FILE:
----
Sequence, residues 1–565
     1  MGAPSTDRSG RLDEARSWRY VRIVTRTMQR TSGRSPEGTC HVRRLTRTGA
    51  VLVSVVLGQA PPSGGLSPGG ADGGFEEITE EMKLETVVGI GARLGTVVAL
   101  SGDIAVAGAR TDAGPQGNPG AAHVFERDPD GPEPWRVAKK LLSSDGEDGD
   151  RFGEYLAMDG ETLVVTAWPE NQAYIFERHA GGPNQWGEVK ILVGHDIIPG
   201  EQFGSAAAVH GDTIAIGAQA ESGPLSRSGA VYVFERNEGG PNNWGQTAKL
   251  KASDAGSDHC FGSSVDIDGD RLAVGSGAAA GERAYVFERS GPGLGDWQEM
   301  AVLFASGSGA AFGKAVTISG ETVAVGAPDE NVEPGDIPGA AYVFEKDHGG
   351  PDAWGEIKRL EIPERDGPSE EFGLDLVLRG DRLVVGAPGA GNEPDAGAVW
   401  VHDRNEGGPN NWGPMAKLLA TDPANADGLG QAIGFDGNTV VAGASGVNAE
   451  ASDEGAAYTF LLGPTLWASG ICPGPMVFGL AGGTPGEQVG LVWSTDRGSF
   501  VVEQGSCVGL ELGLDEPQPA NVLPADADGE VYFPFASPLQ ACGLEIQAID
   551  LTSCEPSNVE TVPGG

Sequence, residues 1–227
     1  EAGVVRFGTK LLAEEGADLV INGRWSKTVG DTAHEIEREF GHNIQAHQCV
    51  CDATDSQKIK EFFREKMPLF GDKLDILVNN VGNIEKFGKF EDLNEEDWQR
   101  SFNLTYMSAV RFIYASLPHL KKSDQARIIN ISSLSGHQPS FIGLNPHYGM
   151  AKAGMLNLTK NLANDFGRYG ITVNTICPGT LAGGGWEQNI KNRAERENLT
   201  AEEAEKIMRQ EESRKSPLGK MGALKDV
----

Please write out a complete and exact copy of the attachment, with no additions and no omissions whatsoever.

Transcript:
Sequence, residues 1–565
     1  MGAPSTDRSG RLDEARSWRY VRIVTRTMQR TSGRSPEGTC HVRRLTRTGA
    51  VLVSVVLGQA PPSGGLSPGG ADGGFEEITE EMKLETVVGI GARLGTVVAL
   101  SGDIAVAGAR TDAGPQGNPG AAHVFERDPD GPEPWRVAKK LLSSDGEDGD
   151  RFGEYLAMDG ETLVVTAWPE NQAYIFERHA GGPNQWGEVK ILVGHDIIPG
   201  EQFGSAAAVH GDTIAIGAQA ESGPLSRSGA VYVFERNEGG PNNWGQTAKL
   251  KASDAGSDHC FGSSVDIDGD RLAVGSGAAA GERAYVFERS GPGLGDWQEM
   301  AVLFASGSGA AFGKAVTISG ETVAVGAPDE NVEPGDIPGA AYVFEKDHGG
   351  PDAWGEIKRL EIPERDGPSE EFGLDLVLRG DRLVVGAPGA GNEPDAGAVW
   401  VHDRNEGGPN NWGPMAKLLA TDPANADGLG QAIGFDGNTV VAGASGVNAE
   451  ASDEGAAYTF LLGPTLWASG ICPGPMVFGL AGGTPGEQVG LVWSTDRGSF
   501  VVEQGSCVGL ELGLDEPQPA NVLPADADGE VYFPFASPLQ ACGLEIQAID
   551  LTSCEPSNVE TVPGG

Sequence, residues 1–227
     1  EAGVVRFGTK LLAEEGADLV INGRWSKTVG DTAHEIEREF GHNIQAHQCV
    51  CDATDSQKIK EFFREKMPLF GDKLDILVNN VGNIEKFGKF EDLNEEDWQR
   101  SFNLTYMSAV RFIYASLPHL KKSDQARIIN ISSLSGHQPS FIGLNPHYGM
   151  AKAGMLNLTK NLANDFGRYG ITVNTICPGT LAGGGWEQNI KNRAERENLT
   201  AEEAEKIMRQ EESRKSPLGK MGALKDV